The numbers reflect that Samsonov's obviously been the better goaltender. So the choice should be obvious, right? Sure.

Except that this is a championship-caliber goaltender we're talking about in Holtby, who was in every bit as much of a funk when Barry Trotz chose to start Philipp Grubauer over him to begin their championship run in that magical spring of 2018.

That and the numbers may not tell the whole story (not those numbers, at least), a point raised this week by Caps analyst Alan May to The Sports Junkies, revealing the true nuance behind this complicated riddle.

"If we looked at just charts and graphs, paper and didn't watch the game, we would say Samsonov's the goaltender," May said. "But there are charts, there are graphs, there are stats that show the quality of shots that Samsonov has faced compared to Braden Holtby. There's been so many breakdowns, because Braden's played more games, in front of him."

"If you look at the shot charts that they have, they keep heat graphs on where the quality of shots are in the National Hockey League, where the goals are coming from," he said. "Braden's faced way more in the heat map. The heat map is below the hash marks, directly in front of the crease, one-on-one, no one there defending, defensive breakdowns. Braden's faced that."

"A couple years ago, it almost killed this team. It almost killed Braden," he said. "It's happening again. They've got to tighten it up. They've got defensemen that gotta play better."

"They're in first place and we're picking this guy apart," May went on to say of Holtby. "He's got 20 wins and people are picking Braden Holtby apart. Could you imagine that?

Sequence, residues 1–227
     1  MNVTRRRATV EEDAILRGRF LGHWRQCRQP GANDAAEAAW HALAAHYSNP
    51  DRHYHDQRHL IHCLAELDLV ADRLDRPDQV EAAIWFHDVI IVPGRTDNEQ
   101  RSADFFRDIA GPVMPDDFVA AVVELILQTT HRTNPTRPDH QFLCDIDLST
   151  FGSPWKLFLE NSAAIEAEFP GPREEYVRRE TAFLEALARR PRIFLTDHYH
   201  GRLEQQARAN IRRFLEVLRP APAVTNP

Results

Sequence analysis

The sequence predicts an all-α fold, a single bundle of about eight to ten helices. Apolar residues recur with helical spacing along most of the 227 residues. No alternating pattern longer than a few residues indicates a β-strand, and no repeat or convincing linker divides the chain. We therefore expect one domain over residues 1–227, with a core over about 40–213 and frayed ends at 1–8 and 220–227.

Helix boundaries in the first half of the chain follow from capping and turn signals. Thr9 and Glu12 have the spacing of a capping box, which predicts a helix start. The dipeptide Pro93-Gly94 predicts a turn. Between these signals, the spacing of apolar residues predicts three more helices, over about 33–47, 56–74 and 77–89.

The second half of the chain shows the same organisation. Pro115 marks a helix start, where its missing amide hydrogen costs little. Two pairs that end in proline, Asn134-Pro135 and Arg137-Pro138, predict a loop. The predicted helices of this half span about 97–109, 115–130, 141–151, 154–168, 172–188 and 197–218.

"You look at what he's had to face, and me as a guy that's been in hockey my entire life, I look at it and go, he's had more breakaways than any goaltender in the National Hockey League, he has more guys wide-open in front of him than any goaltender in the National Hockey League, and he's got 20 wins and people are ripping him apart."

"They go, 'Oh, they're scoring more goals.' You know what? Everyone's scoring more goals right now," he continued. "And Braden Holtby hasn't cracked, he hasn't ripped his team to shreds. He's got 20 wins under his belt."

"Braden hasn't complained," May said. "He's supported Samsonov the entire time. He's an excellent teammate, he's an excellent person and he's just gonna improve. This is crunch time for him right now and the team's gonna come together, and I think Braden will be the starter going into the playoffs. If he's here next year, I don't know, but right now, it's still Braden Holtby's team."

Just to demonstrate how divided people are on this topic, just last month May's colleague, Craig Laughlin, asserted that – at that time – he would still stick with Holtby, while also acknowledging that because of Samsonov's play, word was quickly traveling around the league that the Capitals could have another Grubauer-Holtby situation on their hands.

"It could come down right to the first game of the playoffs – Hey, who's in and who isn't? – and it could be Sammy," Laughlin said. "That's what I'm telling you right now."

At some point, some point soon, Reirden must decide whether the future starts now, or eight months from now.

Good luck, coach. The fate of your entire season hangs in the balance.